Watch CBSN Live

Both parties to blame if government shuts down, poll says

Will the GOP take all the heat from the public if Congress is unable to pass a spending bill to keep the government running by Monday night? A new poll from the Pew Research Center for the People & The Press says no, they won't.

The poll, which surveyed 1,003 adults nationwide between Sept. 19 and 22, shows the blame would be divided about evenly. Thirty-nine percent say they would blame Republicans if a budget standoff ends in a government shutdown, versus 36 percent who say they would blame the Obama administration. Seventeen percent of those surveyed say the blame should be shared equally.

That was the case in April 2011, the last time Mr. Obama and Republicans went toe to toe over the federal budget - but a deal was struck at the eleventh hour, averting a shutdown. It hasn't always been the case. In 1995, during a confrontation between a Republican Congress and then-President Clinton that ended in a shutdown, a similar poll question found that 46 percent would blame the Republicans, versus just 27 percent who would have blamed the Clinton administration. The shutdown is credited with helping Clinton win re-election in 1996, though some experts dispute it had a significant effect on the president's polling numbers.

The poll shows that a majority of Americans, 57 percent, want lawmakers and the president to be more willing to compromise. Only 33 percent say it's worth sticking to principle, even if it results in a shutdown. That number is much higher among Republicans: seventy one percent of those who align with the tea party say a government shutdown is a worthy price to pay for sticking to one's principles; only 20 percent disagree.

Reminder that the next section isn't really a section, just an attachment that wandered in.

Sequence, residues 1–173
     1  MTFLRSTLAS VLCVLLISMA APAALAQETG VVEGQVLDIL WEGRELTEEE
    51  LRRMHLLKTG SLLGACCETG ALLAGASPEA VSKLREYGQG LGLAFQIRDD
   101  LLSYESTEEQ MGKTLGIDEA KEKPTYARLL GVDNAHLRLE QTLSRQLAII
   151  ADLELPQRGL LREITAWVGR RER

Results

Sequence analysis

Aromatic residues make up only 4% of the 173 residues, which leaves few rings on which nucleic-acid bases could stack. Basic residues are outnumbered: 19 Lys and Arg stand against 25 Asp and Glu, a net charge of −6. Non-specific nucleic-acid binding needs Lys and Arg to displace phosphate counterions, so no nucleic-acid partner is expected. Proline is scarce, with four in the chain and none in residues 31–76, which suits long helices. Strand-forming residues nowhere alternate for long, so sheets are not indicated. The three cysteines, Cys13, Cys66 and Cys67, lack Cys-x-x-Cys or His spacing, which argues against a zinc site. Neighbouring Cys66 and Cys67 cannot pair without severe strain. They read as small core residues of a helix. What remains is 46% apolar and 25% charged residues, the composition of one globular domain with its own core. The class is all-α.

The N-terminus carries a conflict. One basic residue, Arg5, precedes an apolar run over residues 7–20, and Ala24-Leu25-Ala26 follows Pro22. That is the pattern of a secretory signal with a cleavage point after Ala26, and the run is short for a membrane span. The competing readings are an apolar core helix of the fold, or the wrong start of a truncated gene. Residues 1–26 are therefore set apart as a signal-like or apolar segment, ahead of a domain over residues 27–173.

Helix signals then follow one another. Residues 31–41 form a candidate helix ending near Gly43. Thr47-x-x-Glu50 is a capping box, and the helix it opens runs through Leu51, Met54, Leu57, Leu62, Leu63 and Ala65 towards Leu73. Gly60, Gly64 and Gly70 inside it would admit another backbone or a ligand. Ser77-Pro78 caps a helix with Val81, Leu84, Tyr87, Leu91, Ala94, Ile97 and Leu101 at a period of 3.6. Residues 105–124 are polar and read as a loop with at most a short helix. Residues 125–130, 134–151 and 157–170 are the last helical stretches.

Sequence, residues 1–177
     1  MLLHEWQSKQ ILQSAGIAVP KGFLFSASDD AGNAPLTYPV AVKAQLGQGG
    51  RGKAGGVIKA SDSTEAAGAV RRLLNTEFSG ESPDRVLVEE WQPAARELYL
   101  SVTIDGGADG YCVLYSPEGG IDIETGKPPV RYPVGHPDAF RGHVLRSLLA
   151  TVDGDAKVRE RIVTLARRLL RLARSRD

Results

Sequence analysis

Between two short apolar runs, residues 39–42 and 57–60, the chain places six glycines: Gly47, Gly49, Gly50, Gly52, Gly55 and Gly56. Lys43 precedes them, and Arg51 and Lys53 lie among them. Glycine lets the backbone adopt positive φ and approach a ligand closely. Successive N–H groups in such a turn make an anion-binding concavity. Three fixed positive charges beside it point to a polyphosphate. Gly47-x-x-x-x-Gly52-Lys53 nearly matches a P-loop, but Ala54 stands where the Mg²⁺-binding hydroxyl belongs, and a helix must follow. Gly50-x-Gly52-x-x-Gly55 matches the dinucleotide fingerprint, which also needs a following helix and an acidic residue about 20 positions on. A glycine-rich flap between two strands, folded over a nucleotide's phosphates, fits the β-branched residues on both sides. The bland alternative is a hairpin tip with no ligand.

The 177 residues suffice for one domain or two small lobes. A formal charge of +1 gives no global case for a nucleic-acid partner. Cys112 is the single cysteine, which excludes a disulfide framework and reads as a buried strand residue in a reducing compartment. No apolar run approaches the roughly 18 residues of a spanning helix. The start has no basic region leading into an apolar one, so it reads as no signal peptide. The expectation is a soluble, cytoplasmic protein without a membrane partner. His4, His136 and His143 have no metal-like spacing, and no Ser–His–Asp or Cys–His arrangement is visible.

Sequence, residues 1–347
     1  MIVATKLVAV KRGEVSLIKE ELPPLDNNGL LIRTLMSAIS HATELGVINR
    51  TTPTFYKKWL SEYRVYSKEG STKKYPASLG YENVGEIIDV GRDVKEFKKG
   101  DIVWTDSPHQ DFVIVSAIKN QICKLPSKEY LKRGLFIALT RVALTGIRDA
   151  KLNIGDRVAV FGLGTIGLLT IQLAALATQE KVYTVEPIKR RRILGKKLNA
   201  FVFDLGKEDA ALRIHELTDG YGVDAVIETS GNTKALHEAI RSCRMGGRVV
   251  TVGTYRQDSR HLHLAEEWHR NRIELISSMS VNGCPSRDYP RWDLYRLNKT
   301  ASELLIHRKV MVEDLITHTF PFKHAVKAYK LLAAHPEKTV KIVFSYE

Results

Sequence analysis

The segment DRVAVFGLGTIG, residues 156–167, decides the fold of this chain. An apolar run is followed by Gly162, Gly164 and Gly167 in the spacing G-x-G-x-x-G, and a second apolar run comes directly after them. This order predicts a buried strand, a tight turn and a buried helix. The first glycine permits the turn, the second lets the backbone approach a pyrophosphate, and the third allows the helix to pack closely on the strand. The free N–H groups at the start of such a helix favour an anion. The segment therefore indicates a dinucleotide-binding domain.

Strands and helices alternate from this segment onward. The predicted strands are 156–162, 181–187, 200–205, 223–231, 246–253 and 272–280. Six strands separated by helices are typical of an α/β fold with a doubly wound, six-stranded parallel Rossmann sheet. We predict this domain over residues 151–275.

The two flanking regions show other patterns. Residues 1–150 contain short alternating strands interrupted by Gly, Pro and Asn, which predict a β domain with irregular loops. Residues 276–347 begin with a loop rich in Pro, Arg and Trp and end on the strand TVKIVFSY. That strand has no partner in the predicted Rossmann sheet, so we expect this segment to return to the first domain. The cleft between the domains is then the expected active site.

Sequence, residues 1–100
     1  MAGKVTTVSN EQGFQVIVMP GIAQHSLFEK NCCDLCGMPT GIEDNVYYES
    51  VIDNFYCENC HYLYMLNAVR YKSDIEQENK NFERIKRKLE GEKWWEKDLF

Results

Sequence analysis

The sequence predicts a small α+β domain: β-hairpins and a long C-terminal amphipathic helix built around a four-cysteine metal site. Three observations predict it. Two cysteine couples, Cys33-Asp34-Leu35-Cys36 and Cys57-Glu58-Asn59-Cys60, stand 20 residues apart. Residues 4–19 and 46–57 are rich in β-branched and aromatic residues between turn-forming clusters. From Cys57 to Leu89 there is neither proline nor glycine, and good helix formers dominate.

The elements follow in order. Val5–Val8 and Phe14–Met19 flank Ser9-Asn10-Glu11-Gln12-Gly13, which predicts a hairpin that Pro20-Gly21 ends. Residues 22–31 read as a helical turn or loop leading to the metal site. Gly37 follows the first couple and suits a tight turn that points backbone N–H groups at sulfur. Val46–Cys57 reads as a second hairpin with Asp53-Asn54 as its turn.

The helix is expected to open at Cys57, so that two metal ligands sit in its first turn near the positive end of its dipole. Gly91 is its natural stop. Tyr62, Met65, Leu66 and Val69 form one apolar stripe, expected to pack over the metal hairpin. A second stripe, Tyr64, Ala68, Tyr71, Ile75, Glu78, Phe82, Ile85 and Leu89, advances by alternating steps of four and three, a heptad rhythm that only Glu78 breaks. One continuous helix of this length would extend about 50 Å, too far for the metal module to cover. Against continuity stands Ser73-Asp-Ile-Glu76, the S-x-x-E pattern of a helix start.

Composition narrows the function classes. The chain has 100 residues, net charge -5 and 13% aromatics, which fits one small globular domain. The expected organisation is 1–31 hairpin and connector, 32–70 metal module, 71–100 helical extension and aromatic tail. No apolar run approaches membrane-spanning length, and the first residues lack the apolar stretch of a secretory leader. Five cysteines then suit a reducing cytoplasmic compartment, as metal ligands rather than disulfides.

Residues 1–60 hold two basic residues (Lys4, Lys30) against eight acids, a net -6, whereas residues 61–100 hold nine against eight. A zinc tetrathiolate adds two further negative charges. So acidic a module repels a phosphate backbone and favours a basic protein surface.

But there's a divide within the Republican Party a whole. Only 38 percent of Republicans or Republican-leaning adults who don't agree with the tea party say lawmakers should stand by their principles even if the government shuts down. A majority of that group, 54 percent, say that lawmakers should compromise. Similarly, a full 87 percent of those that agree with the tea party support the House GOP plan to cut off funding for the Affordable Care Act as part of any budget agreement; only 61 percent of Republicans who do not affiliate with that group say the same.

On the question of whether a budget deal will be reached in time to avert a shutdown, there's a dead heat. Forty-six percent say there will be a deal; 45 percent say there won't be.